Results 1  10
of
506
How bad is selfish routing?
 JOURNAL OF THE ACM
, 2002
"... We consider the problem of routing traffic to optimize the performance of a congested network. We are given a network, a rate of traffic between each pair of nodes, and a latency function for each edge specifying the time needed to traverse the edge given its congestion; the objective is to route t ..."
Abstract

Cited by 516 (27 self)
 Add to MetaCart
We consider the problem of routing traffic to optimize the performance of a congested network. We are given a network, a rate of traffic between each pair of nodes, and a latency function for each edge specifying the time needed to traverse the edge given its congestion; the objective is to route traffic such that the sum of all travel times—the total latency—is minimized. In many settings, it may be expensive or impossible to regulate network traffic so as to implement an optimal assignment of routes. In the absence of regulation by some central authority, we assume that each network user routes its traffic on the minimumlatency path available to it, given the network congestion caused by the other users. In general such a “selfishly motivated ” assignment of traffic to paths will not minimize the total latency; hence, this lack of regulation carries the cost of decreased network performance. In this article, we quantify the degradation in network performance due to unregulated traffic. We prove that if the latency of each edge is a linear function of its congestion, then the total latency of the routes chosen by selfish network users is at most 4/3 times the minimum possible total latency (subject to the condition that all traffic must be routed). We also consider the more general setting in which edge latency functions are assumed only to be continuous and nondecreasing in the edge congestion. Here, the total
The price of stability for network design with fair cost allocation
 In Proceedings of the 45th Annual Symposium on Foundations of Computer Science (FOCS
, 2004
"... Abstract. Network design is a fundamental problem for which it is important to understand the effects of strategic behavior. Given a collection of selfinterested agents who want to form a network connecting certain endpoints, the set of stable solutions — the Nash equilibria — may look quite differ ..."
Abstract

Cited by 208 (28 self)
 Add to MetaCart
Abstract. Network design is a fundamental problem for which it is important to understand the effects of strategic behavior. Given a collection of selfinterested agents who want to form a network connecting certain endpoints, the set of stable solutions — the Nash equilibria — may look quite different from the centrally enforced optimum. We study the quality of the best Nash equilibrium, and refer to the ratio of its cost to the optimum network cost as the price of stability. The best Nash equilibrium solution has a natural meaning of stability in this context — it is the optimal solution that can be proposed from which no user will defect. We consider the price of stability for network design with respect to one of the most widelystudied protocols for network cost allocation, in which the cost of each edge is divided equally between users whose connections make use of it; this fairdivision scheme can be derived from the Shapley value, and has a number of basic economic motivations. We show that the price of stability for network design with respect to this fair cost allocation is O(log k), where k is the number of users, and that a good Nash equilibrium can be achieved via bestresponse dynamics in which users iteratively defect from a starting solution. This establishes that the fair cost allocation protocol is in fact a useful mechanism for inducing strategic behavior to form nearoptimal equilibria. We discuss connections to the class of potential games defined by Monderer and Shapley, and extend our results to cases in which users are seeking to balance network design costs with latencies in the constructed network, with stronger results when the network has only delays and no construction costs. We also present bounds on the convergence time of bestresponse dynamics, and discuss extensions to a weighted game.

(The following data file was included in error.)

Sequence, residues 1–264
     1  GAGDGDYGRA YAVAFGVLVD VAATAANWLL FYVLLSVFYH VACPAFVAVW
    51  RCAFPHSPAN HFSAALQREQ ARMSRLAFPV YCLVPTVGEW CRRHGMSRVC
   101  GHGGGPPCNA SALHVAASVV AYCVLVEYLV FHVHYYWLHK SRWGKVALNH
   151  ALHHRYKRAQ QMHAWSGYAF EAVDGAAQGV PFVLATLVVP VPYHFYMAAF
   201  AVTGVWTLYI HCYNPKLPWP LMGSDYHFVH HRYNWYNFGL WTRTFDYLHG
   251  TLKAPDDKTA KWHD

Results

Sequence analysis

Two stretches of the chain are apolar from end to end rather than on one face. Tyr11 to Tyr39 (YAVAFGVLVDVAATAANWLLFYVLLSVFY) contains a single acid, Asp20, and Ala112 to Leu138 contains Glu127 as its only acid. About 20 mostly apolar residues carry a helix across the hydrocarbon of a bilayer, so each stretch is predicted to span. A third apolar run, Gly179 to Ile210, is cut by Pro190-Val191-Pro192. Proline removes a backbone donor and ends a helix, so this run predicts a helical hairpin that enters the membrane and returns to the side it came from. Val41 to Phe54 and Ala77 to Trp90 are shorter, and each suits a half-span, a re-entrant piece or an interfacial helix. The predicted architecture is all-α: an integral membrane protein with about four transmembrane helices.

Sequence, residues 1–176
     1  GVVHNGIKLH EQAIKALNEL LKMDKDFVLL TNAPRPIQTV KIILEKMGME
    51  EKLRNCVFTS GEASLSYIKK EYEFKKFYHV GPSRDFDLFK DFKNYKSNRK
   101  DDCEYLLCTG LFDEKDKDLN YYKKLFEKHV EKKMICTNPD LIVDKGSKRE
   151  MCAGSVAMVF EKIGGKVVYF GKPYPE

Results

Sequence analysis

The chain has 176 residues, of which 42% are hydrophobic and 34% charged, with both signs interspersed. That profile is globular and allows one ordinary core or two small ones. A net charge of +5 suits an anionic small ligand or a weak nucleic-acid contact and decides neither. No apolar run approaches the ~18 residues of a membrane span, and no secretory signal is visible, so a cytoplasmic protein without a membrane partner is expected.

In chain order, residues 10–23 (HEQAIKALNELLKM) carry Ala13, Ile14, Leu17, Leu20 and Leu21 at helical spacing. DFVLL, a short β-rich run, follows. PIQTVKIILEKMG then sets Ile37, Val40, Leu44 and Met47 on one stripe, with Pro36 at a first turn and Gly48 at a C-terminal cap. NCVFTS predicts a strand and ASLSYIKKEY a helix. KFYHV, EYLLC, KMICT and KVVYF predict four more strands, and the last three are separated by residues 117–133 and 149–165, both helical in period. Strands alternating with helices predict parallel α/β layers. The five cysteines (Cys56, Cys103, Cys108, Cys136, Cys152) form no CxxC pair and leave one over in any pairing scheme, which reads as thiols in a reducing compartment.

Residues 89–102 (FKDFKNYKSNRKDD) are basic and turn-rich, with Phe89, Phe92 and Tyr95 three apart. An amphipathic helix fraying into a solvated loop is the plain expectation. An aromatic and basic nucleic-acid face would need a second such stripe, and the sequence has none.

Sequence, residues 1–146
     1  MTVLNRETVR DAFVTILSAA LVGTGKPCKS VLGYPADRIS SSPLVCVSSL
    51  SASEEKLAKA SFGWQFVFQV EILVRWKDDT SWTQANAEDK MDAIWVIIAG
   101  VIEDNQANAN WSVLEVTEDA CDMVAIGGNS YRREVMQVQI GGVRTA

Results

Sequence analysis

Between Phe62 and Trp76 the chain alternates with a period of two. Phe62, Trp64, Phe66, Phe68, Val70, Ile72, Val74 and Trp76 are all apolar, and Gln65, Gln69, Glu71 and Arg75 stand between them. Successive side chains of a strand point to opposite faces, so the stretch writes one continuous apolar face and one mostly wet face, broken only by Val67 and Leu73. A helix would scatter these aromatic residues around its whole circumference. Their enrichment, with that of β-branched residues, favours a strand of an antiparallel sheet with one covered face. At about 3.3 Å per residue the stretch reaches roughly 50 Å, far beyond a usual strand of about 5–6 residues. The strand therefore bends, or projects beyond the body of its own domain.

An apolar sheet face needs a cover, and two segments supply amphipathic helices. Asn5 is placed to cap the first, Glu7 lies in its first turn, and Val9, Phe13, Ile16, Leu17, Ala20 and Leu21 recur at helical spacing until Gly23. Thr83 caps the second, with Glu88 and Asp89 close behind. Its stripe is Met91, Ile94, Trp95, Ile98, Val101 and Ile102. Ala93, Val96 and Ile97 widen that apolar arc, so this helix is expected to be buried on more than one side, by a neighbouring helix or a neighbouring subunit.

Computationally feasible VCG mechanisms
 In Proceedings of the Second ACM Conference on Electronic Commerce (EC’00
, 2000
"... A major achievement of mechanism design theory is a general method for the construction of truthful mechanisms called VCG. When applying this method to complex problems such as combinatorial auctions, a difficulty arises: VCG mechanisms are required to compute optimal outcomes and are therefore comp ..."
Abstract

Cited by 188 (5 self)
 Add to MetaCart
A major achievement of mechanism design theory is a general method for the construction of truthful mechanisms called VCG. When applying this method to complex problems such as combinatorial auctions, a difficulty arises: VCG mechanisms are required to compute optimal outcomes and are therefore computationally infeasible. However, if the optimal outcome is replaced by the results of a suboptimal algorithm, the resulting mechanism (termed VCGbased) is no longer necessarily truthful. The first part of this paper studies this phenomenon in depth and shows that it is near universal. Specifically, we prove that essentially all reasonable approximations or heuristics for combinatorial auctions as well as a wide class of cost minimization problems yield nontruthful VCGbased mechanisms. We generalize these results for affine maximizers. The second part of this paper proposes a general method for circumventing the above problem. We introduce a modification of VCGbased mechanisms in which the agents are given a chance to improve the output of the underlying algorithm. When the agents behave truthfully, the welfare obtained by the mechanism is at least as good as the one obtained by the algorithm’s output. We provide a strong rationale for truthtelling behavior. Our method satisfies individual rationality as well.
On a network creation game